Sri Lanka reduces the army by half after the financial crisis



The defense ministry of bankrupt Sri Lanka said Friday that the government will work to fix its shameful finances after an unprecedented economic crisis.

The island nation is still reeling from months of food and fuel shortages that made daily life miserable for its 22 million residents last year.

President Ranil Wickremesinghe raised taxes and imposed harsh spending cuts to facilitate passage of the expected bailout from the International Monetary Fund in the wake of a government debt default.

The Sri Lankan Armed Forces are next in line for the chopping block, with the Ministry of Defense announcing that it will withdraw 65,000 soldiers from its 200,000-strong army during the year.

The cuts account for the lion’s share of plans to reduce the number of ground forces in Sri Lanka to 100,000 by the end of the decade.

“The overall objective of the strategic plan is to put forward a technically and tactically sound and well-balanced defense force,” a ministry statement said.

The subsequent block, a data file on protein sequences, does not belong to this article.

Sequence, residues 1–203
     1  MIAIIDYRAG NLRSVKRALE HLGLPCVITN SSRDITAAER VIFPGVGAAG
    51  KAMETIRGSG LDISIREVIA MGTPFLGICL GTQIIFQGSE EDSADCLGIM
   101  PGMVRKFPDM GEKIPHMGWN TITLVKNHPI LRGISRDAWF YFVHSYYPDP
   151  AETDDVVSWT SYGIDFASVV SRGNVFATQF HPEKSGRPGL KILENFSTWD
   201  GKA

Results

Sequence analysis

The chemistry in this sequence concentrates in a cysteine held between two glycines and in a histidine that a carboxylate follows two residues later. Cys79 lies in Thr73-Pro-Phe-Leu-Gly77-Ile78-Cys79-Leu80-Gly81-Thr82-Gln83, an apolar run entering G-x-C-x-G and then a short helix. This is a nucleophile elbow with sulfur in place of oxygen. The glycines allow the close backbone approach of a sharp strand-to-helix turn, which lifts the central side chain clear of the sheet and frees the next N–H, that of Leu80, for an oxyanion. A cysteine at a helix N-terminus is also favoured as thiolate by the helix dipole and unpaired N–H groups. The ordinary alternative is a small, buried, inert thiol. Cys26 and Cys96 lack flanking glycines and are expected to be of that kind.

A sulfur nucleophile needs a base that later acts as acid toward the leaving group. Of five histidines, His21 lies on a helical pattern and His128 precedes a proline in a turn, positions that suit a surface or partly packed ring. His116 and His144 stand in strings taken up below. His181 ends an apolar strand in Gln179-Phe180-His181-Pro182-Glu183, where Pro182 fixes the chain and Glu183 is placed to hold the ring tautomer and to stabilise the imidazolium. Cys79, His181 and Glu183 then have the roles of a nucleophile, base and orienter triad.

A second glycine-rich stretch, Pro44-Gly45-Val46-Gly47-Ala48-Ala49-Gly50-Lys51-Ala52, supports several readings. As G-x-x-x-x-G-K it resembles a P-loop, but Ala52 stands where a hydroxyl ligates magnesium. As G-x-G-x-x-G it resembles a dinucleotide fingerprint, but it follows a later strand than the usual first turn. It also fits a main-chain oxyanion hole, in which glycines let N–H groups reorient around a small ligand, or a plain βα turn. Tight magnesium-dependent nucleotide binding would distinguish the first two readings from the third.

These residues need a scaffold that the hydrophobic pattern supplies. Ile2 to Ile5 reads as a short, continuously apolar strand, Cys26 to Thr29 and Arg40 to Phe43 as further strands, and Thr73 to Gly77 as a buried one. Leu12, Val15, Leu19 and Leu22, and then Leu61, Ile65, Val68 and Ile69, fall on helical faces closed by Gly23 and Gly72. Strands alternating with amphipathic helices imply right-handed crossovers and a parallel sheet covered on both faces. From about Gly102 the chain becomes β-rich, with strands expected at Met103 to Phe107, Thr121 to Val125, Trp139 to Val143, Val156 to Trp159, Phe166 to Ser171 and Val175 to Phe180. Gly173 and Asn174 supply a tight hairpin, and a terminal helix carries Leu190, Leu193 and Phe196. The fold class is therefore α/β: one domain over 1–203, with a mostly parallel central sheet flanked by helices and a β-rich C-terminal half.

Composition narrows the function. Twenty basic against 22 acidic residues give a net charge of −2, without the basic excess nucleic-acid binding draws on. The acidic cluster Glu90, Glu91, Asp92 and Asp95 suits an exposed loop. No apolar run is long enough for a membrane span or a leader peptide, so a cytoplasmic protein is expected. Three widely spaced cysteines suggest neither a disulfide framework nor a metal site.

Also read: Bankrupt Sri Lanka cuts fuel prices

Sri Lanka’s armed forces are still bulging more than a decade after the country’s agonizing ethnic civil war ended.

Nearly 400,000 people served in the military at the height of its power in 2009, the year government forces crushed the separatist Tamil Tigers during a no-holds-barred offensive that claimed thousands of civilian casualties.

Defense accounted for nearly 10 percent of public spending last year, and according to expert analysts, salaries for members of the security forces make up half of the government’s salary bill.

Sri Lanka warned this week that it barely has enough revenue to pay public servants’ salaries and pensions despite huge tax hikes at the start of the year.

The economy shrank by about 8.7 percent last year as the public suffered prolonged power outages, long lines for petrol, empty supermarket shelves and runaway inflation.

Also read: Bankrupt Sri Lanka seeks Russian oil discount

The crisis came to a head in July when protesters angry about the crisis stormed the official residence of then-President Gotabaya Rajapaksa, who briefly fled the country and tendered his resignation abroad.

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